There are times in everyone's existence when Life slaps them in the back of the head and yells, "What were you thinking?" l got my wake-up call when I stood before a full-length mirror, clad in a peach-colored one piece swimsuit at my friend Calli's house. "You look pretty good," she assured.
It was obvious either she'd put friendship above honesty, or she'd gone temporarily blind. Calli wasn't seeing the same reflection I was. Cellulite decorated my upper thighs like lumps of rancid cottage cheese, and my butt hung like a couple of flat bean-bags.
I struggled to pull the Lycra over my thighs, wincing as it snapped my skin. The peach-colored suit made me look and feel like the grandmother of an Oscar Meyer weiner. "You've got to be kidding."
Calli cleared her throat and walked around, studying me at every angle. "Well...you could wear shorts, and perhaps a short-sleeved shirt..."
"And maybe ankle-length pants, and a bag over my head with the words 'PG-14 rating; alarming image' written across the front?" I grumbled.
My friend and I agreed that with time (and help from Calli's fashion sense) cute beach outfits could be arranged. Calli sighed and shook her head. "But those legs," she began.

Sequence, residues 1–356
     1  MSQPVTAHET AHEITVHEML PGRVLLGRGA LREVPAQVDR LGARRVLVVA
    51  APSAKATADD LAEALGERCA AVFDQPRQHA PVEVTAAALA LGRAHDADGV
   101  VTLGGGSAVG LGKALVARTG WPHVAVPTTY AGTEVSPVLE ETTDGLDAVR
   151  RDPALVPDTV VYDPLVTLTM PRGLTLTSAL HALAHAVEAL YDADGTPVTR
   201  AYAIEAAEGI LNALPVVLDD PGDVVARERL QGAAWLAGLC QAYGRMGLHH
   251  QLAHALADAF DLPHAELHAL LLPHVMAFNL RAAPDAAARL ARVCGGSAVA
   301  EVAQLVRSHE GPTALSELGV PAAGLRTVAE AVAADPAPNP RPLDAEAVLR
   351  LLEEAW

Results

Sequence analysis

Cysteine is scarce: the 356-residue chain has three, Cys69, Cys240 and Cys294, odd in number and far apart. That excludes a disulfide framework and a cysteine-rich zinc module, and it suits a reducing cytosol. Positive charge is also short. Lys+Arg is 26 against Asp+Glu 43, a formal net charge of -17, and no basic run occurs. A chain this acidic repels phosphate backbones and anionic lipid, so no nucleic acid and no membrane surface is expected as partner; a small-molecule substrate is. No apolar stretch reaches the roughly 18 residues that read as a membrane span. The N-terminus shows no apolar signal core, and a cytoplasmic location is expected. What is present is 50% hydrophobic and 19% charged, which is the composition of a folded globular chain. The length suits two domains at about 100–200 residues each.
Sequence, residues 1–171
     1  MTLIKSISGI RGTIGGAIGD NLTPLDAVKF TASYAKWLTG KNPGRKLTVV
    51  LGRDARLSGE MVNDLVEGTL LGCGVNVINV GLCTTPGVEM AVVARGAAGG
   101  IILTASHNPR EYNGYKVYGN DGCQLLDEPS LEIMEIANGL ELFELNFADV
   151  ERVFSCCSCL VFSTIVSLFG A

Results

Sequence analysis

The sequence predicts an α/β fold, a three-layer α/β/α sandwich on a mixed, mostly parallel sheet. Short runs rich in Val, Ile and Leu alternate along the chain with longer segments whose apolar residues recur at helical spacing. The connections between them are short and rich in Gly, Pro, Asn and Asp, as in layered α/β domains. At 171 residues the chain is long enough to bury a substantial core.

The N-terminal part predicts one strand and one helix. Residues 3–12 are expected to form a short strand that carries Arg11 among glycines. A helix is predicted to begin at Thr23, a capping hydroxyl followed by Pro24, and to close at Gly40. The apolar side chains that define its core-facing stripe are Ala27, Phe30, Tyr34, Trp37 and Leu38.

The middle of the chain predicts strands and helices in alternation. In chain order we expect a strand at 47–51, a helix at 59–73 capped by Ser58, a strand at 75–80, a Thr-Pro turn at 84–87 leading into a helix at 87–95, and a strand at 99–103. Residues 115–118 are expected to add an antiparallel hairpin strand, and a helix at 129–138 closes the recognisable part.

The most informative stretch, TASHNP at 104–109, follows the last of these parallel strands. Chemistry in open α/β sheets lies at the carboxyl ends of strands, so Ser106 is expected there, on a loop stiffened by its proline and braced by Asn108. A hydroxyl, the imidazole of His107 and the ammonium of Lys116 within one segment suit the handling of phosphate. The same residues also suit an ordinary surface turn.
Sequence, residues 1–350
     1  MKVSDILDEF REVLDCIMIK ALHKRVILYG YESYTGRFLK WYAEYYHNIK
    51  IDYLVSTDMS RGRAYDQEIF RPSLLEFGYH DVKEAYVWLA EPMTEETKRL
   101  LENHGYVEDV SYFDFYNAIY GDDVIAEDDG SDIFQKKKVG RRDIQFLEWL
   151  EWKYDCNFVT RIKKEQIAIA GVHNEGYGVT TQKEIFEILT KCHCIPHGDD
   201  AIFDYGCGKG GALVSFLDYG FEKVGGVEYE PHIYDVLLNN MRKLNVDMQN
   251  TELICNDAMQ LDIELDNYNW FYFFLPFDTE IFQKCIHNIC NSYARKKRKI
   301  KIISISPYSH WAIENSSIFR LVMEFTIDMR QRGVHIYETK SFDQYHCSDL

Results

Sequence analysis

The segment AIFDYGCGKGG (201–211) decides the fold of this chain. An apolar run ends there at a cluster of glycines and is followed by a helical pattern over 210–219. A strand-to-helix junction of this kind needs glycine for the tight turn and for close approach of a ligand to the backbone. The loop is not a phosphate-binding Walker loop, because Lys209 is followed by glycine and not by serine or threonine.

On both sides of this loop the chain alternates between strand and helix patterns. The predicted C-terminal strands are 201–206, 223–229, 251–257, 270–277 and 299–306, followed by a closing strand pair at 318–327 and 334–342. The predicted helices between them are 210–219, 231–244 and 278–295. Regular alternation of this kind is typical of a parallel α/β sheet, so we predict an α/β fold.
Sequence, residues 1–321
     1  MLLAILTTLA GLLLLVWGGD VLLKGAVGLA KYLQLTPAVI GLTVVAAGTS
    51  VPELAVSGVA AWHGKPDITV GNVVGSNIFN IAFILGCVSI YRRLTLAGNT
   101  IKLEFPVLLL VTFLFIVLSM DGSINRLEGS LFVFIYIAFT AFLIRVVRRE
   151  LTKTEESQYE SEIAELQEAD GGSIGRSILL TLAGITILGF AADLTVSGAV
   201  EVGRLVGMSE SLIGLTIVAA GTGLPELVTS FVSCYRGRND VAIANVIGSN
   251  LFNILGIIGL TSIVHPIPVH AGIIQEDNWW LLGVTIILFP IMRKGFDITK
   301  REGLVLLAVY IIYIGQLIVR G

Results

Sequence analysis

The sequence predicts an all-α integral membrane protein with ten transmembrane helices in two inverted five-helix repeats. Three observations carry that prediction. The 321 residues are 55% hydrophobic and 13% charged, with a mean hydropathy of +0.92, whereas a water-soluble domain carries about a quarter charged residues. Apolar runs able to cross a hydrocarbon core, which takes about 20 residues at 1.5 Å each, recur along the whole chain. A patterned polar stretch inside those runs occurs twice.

I frowned and crossed my arms. "What about them?"
She pointed at my tanned arms. "Your upper body looks like it belongs to another person. I almost need sunglasses to look at those white legs."
With her help, I applied self-tanner to my legs. Three hours later I looked like an Oompa-Loompa.
"There's always tanning beds," Calli suggested. I dismissed that idea, partly because of the ultrav-voilet rays, but largely because of the fear of being forgotten. I'd once seen a forgotten chicken breast on a George Foreman. and the look wasn't pretty, especially not for me.
During the rest of the week, I researched ways on the internet to darken the skin on my legs. Finally the morning before the trip, I saw the solution: coffee grounds mixed with olive oil. And my husband and I had just finished our morning java. My heart sang as I almost danced my way to the bathroom. Humming, I smeared on the mixture, imagining the tropical tan I'd have, making me the envy of the beach.
I was just smearing on the last bit when the door flung open. There stood my twelve year-old son, mouth agape as he took in the sight of his mother, clad in her nightshirt and covered in coffee grounds. Silence blanketed the room as we regarded each other. I broke the spell by clearing my throat. "Umm...Mama got really excited over coffee this morning."
Joseph blinked then shook his head. "Wash your legs please. You smell like a Starbucks."
At that point, I was considering handing out free sunglasses at the beach, courtesy of my blinding-white legs.